Vitter's troubles may benefit Landrieu

Dan Gordon and Richard Baehr
David Vitter's madam troubles – play-for-pay companions in two cities, it appears today (with a Larry Flynt press conference to pile on tonight), will not force him to resign, but they may help Democrat Mary Landrieu in her re-election bid  next year. Landrieu was one of two endangered Democratic senators in he 2008 cycle (Tim Johnson of South Dakota the other, if he runs again).  With the departure of about half of New Orleans’ residents, demographic changes alone (loss of many black voters) could have resulted in her defeat (Landrieu has won two races very narrowly).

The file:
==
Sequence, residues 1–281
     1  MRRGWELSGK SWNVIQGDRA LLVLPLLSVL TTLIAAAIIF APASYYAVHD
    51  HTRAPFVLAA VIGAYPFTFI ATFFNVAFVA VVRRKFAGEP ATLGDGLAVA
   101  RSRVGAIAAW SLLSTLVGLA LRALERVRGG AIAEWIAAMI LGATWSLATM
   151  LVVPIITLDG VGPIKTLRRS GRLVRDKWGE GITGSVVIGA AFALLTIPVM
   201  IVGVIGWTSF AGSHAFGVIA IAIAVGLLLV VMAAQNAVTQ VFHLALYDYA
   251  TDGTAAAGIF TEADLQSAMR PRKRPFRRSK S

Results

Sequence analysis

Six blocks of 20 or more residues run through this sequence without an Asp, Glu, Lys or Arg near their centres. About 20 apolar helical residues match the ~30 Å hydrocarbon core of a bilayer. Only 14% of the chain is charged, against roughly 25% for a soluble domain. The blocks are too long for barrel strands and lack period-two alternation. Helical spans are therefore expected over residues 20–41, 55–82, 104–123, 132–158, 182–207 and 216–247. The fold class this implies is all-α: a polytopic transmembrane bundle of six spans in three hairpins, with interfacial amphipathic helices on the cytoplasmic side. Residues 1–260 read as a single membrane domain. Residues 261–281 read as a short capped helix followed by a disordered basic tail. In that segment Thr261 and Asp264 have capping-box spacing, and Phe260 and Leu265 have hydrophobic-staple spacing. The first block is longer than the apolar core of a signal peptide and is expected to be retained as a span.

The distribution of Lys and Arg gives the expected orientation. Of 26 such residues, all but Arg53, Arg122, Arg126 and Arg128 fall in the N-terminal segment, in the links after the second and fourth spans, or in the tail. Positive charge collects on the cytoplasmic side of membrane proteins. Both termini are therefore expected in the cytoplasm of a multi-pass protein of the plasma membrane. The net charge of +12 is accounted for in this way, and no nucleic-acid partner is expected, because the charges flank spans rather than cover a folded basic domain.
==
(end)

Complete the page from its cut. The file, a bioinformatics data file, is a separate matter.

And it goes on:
Now, there may be a reaction to the perceived social agenda hypocrisy of the GOP in the state. Vitter was first GOP Senator elected from Louisiana in over a century.
David Vitter's madam troubles – play-for-pay companions in two cities, it appears today (with a Larry Flynt press conference to pile on tonight), will not force him to resign, but they may help Democrat Mary Landrieu in her re-election bid  next year. Landrieu was one of two endangered Democratic senators in he 2008 cycle (Tim Johnson of South Dakota the other, if he runs again).  With the departure of about half of New Orleans’ residents, demographic changes alone (loss of many black voters) could have resulted in her defeat (Landrieu has won two races very narrowly). 
Now, there may be a reaction to the perceived social agenda hypocrisy of the GOP in the state. Vitter was first GOP Senator elected from Louisiana in over a century.